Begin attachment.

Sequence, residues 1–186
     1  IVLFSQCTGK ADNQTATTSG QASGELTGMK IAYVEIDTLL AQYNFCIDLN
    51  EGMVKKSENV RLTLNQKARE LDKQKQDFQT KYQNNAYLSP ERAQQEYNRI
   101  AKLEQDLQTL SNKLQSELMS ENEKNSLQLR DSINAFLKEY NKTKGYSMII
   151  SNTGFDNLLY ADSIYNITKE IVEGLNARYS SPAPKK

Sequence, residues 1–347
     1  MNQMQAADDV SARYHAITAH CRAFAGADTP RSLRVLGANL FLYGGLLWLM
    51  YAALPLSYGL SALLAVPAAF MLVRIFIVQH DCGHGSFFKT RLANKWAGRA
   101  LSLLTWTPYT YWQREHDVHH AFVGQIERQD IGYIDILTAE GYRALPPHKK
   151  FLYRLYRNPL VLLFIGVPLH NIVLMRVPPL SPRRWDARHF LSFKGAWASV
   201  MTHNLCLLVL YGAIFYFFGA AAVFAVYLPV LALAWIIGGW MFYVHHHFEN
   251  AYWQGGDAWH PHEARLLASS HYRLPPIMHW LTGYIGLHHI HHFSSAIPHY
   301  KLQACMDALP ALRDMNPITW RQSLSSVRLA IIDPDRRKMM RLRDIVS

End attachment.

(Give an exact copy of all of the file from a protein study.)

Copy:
Sequence, residues 1–186
     1  IVLFSQCTGK ADNQTATTSG QASGELTGMK IAYVEIDTLL AQYNFCIDLN
    51  EGMVKKSENV RLTLNQKARE LDKQKQDFQT KYQNNAYLSP ERAQQEYNRI
   101  AKLEQDLQTL SNKLQSELMS ENEKNSLQLR DSINAFLKEY NKTKGYSMII
   151  SNTGFDNLLY ADSIYNITKE IVEGLNARYS SPAPKK

Sequence, residues 1–347
     1  MNQMQAADDV SARYHAITAH CRAFAGADTP RSLRVLGANL FLYGGLLWLM
    51  YAALPLSYGL SALLAVPAAF MLVRIFIVQH DCGHGSFFKT RLANKWAGRA
   101  LSLLTWTPYT YWQREHDVHH AFVGQIERQD IGYIDILTAE GYRALPPHKK
   151  FLYRLYRNPL VLLFIGVPLH NIVLMRVPPL SPRRWDARHF LSFKGAWASV
   201  MTHNLCLLVL YGAIFYFFGA AAVFAVYLPV LALAWIIGGW MFYVHHHFEN
   251  AYWQGGDAWH PHEARLLASS HYRLPPIMHW LTGYIGLHHI HHFSSAIPHY
   301  KLQACMDALP ALRDMNPITW RQSLSSVRLA IIDPDRRKMM RLRDIVS